The Trail of Death
The Potawatomi Trail of Death
The excitement caused by the Black Hawk War was the beginning of the downfall of Native American tribes in Indiana. Although these Indians were perfectly quiet and peaceful and had nothing to do with causing the Black Hawk War, the white settlers of Indiana could not get used to their presence in the community.
As early as 1819 Congress had planned to civilize (Christianize) the Indians. A law of that year gave the President power to use $10,000 to pay the tuition of Indian children enrolled in mission schools. Several mission schools had been established in Indiana and were said to have done good work. However, there was no backing for this law and nothing of importance was accomplished.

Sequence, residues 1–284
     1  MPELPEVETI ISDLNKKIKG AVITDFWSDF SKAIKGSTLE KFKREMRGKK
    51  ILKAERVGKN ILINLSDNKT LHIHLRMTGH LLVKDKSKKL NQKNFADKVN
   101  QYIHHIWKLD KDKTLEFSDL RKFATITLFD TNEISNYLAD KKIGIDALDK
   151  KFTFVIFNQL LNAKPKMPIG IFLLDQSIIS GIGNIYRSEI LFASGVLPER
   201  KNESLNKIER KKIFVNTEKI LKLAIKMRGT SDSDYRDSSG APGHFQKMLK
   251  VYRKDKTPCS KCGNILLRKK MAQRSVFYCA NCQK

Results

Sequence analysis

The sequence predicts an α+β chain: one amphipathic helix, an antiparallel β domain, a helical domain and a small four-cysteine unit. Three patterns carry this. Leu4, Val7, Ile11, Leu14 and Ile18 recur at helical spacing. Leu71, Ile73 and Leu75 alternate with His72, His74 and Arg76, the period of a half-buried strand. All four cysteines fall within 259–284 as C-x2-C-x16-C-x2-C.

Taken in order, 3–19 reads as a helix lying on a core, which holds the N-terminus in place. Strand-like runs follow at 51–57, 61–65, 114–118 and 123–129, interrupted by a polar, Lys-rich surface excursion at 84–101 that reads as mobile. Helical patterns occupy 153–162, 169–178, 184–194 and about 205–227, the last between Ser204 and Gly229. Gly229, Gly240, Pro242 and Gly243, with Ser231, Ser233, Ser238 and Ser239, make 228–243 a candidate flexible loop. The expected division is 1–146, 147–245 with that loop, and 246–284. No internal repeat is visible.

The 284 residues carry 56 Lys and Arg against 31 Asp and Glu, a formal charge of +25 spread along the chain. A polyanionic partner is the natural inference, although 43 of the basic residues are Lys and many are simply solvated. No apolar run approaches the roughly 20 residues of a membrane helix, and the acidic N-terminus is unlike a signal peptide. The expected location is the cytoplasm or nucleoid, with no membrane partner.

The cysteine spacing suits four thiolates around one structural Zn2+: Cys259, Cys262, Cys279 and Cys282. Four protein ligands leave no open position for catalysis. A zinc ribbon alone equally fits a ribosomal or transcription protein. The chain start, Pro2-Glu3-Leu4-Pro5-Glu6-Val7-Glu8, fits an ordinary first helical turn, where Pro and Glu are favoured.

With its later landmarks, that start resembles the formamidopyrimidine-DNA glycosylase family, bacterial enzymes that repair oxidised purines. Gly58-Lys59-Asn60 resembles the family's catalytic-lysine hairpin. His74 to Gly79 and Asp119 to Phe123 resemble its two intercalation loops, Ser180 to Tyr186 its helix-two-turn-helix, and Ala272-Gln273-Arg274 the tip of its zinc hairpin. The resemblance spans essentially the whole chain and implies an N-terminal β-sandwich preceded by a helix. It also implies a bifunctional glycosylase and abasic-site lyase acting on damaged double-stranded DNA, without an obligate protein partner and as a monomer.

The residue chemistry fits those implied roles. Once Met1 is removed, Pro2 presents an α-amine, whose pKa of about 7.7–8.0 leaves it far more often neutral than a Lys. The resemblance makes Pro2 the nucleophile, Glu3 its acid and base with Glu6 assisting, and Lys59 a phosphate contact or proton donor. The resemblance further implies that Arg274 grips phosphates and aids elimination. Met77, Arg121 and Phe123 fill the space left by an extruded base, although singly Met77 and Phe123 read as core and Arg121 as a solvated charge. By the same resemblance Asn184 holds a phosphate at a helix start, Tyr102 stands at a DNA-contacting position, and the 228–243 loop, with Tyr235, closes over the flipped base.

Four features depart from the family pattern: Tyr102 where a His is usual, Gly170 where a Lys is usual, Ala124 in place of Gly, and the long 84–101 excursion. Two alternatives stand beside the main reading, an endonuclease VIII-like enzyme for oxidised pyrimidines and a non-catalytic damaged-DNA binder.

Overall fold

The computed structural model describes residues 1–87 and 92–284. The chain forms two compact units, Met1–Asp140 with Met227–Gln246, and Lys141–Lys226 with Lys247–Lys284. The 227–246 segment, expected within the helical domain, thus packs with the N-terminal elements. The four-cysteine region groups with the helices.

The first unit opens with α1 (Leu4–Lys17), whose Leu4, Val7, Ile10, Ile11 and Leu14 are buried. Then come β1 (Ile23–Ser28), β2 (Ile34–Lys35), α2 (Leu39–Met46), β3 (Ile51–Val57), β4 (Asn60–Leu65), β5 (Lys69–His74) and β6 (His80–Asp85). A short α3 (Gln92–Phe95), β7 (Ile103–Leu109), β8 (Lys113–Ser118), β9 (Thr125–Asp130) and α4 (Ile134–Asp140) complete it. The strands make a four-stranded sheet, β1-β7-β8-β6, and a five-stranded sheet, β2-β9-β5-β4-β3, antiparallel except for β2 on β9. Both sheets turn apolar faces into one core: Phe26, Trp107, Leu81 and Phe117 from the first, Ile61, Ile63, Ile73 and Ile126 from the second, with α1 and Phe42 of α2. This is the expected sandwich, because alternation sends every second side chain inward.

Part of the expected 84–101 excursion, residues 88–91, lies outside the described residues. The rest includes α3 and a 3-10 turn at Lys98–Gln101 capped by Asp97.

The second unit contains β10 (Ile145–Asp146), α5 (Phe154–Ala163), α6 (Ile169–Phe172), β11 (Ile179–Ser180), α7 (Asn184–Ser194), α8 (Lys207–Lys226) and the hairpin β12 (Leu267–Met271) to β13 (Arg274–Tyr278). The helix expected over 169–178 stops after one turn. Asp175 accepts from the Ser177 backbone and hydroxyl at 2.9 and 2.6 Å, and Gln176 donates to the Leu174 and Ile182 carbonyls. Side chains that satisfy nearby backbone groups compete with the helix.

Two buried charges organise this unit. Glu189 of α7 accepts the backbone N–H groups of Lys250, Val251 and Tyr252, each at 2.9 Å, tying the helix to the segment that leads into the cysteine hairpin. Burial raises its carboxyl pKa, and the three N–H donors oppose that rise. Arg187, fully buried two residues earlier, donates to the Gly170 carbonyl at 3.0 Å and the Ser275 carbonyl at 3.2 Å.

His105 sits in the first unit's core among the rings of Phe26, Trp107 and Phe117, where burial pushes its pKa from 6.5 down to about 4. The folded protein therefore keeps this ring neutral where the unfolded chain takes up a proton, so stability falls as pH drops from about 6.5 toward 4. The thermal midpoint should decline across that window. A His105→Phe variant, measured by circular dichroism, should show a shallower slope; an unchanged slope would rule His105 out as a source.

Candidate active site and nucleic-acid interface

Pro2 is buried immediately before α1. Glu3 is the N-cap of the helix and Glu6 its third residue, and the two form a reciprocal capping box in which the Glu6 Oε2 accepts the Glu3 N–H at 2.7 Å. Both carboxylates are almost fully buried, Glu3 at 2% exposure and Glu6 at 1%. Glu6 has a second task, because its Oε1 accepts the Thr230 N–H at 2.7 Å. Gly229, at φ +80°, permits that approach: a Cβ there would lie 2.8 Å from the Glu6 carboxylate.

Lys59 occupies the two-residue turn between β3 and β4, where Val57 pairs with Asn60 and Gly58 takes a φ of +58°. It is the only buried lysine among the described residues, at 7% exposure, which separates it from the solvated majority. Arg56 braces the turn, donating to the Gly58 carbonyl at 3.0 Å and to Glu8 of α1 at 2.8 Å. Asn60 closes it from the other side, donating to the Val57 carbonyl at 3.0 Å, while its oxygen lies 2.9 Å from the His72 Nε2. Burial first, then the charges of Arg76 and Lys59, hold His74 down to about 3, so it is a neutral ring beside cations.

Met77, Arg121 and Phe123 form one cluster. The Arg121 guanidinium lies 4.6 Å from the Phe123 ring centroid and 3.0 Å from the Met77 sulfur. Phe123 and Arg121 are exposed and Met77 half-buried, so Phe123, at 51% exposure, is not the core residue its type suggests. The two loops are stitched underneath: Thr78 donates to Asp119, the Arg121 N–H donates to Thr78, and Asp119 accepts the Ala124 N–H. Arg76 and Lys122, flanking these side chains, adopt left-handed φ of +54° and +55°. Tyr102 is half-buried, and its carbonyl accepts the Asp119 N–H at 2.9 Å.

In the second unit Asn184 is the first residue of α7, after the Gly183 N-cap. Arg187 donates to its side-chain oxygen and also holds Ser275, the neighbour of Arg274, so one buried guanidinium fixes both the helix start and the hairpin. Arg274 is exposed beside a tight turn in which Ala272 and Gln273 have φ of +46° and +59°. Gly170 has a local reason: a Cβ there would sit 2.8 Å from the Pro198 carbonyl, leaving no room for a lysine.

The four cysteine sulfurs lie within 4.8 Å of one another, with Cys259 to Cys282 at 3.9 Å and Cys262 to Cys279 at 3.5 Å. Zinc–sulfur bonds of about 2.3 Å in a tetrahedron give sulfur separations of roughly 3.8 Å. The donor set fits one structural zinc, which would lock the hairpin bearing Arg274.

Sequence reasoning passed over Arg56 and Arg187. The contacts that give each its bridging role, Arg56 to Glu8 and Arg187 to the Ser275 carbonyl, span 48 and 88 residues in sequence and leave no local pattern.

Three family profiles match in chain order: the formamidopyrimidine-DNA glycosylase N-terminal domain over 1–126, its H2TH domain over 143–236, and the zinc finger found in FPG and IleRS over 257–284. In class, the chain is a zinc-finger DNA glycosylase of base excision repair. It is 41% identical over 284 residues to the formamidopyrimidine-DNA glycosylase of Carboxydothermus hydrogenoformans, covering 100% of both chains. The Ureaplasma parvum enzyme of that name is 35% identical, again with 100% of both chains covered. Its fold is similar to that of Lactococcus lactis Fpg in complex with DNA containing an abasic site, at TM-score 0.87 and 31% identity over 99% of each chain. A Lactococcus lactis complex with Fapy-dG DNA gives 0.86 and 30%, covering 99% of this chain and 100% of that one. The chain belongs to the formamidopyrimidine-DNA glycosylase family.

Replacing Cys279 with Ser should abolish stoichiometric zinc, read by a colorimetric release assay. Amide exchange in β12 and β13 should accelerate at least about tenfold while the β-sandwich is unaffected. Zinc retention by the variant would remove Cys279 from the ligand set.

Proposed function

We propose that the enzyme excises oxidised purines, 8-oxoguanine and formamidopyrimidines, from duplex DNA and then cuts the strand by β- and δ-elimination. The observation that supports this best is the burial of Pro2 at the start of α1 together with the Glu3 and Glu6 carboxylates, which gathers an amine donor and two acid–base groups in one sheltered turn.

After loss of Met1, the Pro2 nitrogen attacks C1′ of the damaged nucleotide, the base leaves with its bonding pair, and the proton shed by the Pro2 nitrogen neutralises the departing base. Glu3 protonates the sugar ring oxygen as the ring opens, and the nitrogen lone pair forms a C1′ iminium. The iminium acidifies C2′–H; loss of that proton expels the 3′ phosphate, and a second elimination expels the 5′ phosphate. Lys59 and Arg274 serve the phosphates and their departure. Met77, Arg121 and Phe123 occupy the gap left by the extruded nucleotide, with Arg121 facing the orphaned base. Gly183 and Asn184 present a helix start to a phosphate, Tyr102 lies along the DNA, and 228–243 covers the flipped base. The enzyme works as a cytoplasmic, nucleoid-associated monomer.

In 1822 the system of registering traders with the Indiana government was abolished and a horde of irresponsible and depraved traders were allowed into the tribal areas of local Indians. These traders carried whiskey to the tribe and traded it for furs. They are, basically, categorized as petty thieves.
Various missionaries and other friends of the Indians soon began to plead to the government for help. Most of them agreed that it would be better to get the tribes moved beyond the frontier. It was a policy of the Jacksonian Democrats to get them out of the way of the white settlers. The law of May 28, 1830, permitted any tribe that cared to, to trade its land for lands beyond the Mississippi River. The law of July 9, 1832, which provided for a complete reorganization of the Indian service, also appropriated $20,000 to hold councils among the Indiana tribes in order to induce them to migrate beyond the Mississippi.